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Chronic alcohol intake abolishes the relationship between dopamine synthesis capacity and learning signals in the ventral striatum

  • Drugs of abuse elicit dopamine release in the ventral striatum, possibly biasing dopamine-driven reinforcement learning towards drug-related reward at the expense of non-drug-related reward. Indeed, in alcohol-dependent patients, reactivity in dopaminergic target areas is shifted from non-drug-related stimuli towards drug-related stimuli. Such hijacked' dopamine signals may impair flexible learning from non-drug-related rewards, and thus promote craving for the drug of abuse. Here, we used functional magnetic resonance imaging to measure ventral striatal activation by reward prediction errors (RPEs) during a probabilistic reversal learning task in recently detoxified alcohol-dependent patients and healthy controls (N=27). All participants also underwent 6-[F-18]fluoro-DOPA positron emission tomography to assess ventral striatal dopamine synthesis capacity. Neither ventral striatal activation by RPEs nor striatal dopamine synthesis capacity differed between groups. However, ventral striatal coding of RPEs correlated inversely withDrugs of abuse elicit dopamine release in the ventral striatum, possibly biasing dopamine-driven reinforcement learning towards drug-related reward at the expense of non-drug-related reward. Indeed, in alcohol-dependent patients, reactivity in dopaminergic target areas is shifted from non-drug-related stimuli towards drug-related stimuli. Such hijacked' dopamine signals may impair flexible learning from non-drug-related rewards, and thus promote craving for the drug of abuse. Here, we used functional magnetic resonance imaging to measure ventral striatal activation by reward prediction errors (RPEs) during a probabilistic reversal learning task in recently detoxified alcohol-dependent patients and healthy controls (N=27). All participants also underwent 6-[F-18]fluoro-DOPA positron emission tomography to assess ventral striatal dopamine synthesis capacity. Neither ventral striatal activation by RPEs nor striatal dopamine synthesis capacity differed between groups. However, ventral striatal coding of RPEs correlated inversely with craving in patients. Furthermore, we found a negative correlation between ventral striatal coding of RPEs and dopamine synthesis capacity in healthy controls, but not in alcohol-dependent patients. Moderator analyses showed that the magnitude of the association between dopamine synthesis capacity and RPE coding depended on the amount of chronic, habitual alcohol intake. Despite the relatively small sample size, a power analysis supports the reported results. Using a multimodal imaging approach, this study suggests that dopaminergic modulation of neural learning signals is disrupted in alcohol dependence in proportion to long-term alcohol intake of patients. Alcohol intake may perpetuate itself by interfering with dopaminergic modulation of neural learning signals in the ventral striatum, thus increasing craving for habitual drug intake.show moreshow less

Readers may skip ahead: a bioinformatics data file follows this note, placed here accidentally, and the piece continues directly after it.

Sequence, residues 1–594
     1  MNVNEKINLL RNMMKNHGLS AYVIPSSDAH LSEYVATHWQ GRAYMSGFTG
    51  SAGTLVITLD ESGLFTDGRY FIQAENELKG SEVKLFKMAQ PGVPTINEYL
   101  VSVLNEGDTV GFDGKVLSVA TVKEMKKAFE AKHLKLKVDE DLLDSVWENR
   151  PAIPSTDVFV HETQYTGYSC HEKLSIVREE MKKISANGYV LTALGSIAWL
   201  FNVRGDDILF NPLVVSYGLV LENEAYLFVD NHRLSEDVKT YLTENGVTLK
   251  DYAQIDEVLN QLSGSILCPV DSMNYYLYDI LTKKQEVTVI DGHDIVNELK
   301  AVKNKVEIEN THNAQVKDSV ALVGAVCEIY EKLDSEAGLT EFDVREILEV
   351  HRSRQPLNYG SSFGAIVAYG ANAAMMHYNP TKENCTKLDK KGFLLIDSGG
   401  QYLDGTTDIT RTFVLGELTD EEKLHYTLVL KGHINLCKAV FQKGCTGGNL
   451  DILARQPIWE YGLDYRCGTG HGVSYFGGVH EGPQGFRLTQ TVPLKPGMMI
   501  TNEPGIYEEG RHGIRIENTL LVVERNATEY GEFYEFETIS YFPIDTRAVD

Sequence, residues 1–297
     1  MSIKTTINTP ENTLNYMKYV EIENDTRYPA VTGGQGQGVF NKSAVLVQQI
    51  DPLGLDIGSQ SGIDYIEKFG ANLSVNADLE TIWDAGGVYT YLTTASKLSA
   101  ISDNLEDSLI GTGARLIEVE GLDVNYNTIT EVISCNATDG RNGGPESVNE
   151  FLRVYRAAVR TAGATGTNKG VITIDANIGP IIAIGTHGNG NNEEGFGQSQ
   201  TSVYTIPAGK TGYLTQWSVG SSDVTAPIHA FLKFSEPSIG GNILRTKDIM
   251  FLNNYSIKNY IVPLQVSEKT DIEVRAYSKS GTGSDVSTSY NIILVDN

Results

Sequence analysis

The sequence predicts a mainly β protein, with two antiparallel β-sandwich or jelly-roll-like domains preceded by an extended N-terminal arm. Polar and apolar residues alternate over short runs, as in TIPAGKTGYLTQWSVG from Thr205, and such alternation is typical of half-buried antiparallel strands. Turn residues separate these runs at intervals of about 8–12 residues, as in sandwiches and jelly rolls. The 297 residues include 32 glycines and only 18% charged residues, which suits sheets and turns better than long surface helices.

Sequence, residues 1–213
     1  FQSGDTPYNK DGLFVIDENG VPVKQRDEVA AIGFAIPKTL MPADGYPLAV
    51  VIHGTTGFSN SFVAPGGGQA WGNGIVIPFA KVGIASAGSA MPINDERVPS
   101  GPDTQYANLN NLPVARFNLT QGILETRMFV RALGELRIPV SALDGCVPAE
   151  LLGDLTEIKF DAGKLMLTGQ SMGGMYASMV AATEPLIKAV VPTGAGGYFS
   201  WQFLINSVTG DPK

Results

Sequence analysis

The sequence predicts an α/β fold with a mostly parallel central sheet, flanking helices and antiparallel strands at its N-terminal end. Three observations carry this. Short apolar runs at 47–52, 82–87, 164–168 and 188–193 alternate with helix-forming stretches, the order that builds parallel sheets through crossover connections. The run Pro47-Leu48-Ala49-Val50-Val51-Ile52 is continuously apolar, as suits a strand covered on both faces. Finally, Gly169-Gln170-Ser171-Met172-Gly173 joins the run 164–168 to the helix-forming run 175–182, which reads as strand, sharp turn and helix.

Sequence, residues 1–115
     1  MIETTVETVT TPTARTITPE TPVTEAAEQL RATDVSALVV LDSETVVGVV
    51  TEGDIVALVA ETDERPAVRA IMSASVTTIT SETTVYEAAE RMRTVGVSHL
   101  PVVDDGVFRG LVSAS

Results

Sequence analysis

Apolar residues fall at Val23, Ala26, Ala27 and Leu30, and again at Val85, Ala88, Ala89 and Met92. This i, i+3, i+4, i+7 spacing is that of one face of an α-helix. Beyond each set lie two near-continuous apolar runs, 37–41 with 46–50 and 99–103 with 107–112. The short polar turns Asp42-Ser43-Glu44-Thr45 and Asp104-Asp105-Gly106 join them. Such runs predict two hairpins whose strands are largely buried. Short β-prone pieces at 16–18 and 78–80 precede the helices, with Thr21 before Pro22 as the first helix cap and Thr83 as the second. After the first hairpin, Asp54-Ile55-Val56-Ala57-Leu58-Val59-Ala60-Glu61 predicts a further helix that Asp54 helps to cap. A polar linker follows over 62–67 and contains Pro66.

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Metadaten
Author:Lorenz Deserno, Anne Beck, Quentin J. M. Huys, Robert C. Lorenz, Ralph Buchert, Hans-Georg Buchholz, Michail Plotkin, Yoshitaka Kumakara, Paul Cumming, Hans-Jochen Heinze, Anthony A. Grace, Michael Armin RappORCiDGND, Florian Schlagenhauf, Andreas Heinz
DOI:https://doi.org/10.1111/ejn.12802
ISSN:0953-816X (print)
ISSN:1460-9568 (online)
Pubmed Id:http://www.ncbi.nlm.nih.gov/pubmed?term=25546072
Parent Title (English):European journal of neuroscience
Publisher:Wiley-Blackwell
Place of publication:Hoboken
Document Type:Article
Language:English
Year of first Publication:2015
Year of Completion:2015
Release Date:2017/03/27
Tag:PET; alcohol addiction; dopamine; fMRI; prediction error
Volume:41
Issue:4
Pagenumber:10
First Page:477
Last Page:486
Funder:German Research Foundation [DFG HE2597/4-3, DFG HE2597/7-3, DFG Exc 257, DFG HE2597/14-1, DFG FOR 1617, DFG SCHL 1968/1-1]; German Ministry for Education and Research [BMBF 01QG87164, 01GS08159, 01ZX1311E]
Organizational units:Humanwissenschaftliche Fakultät / Institut für Sportwissenschaft
Peer Review:Referiert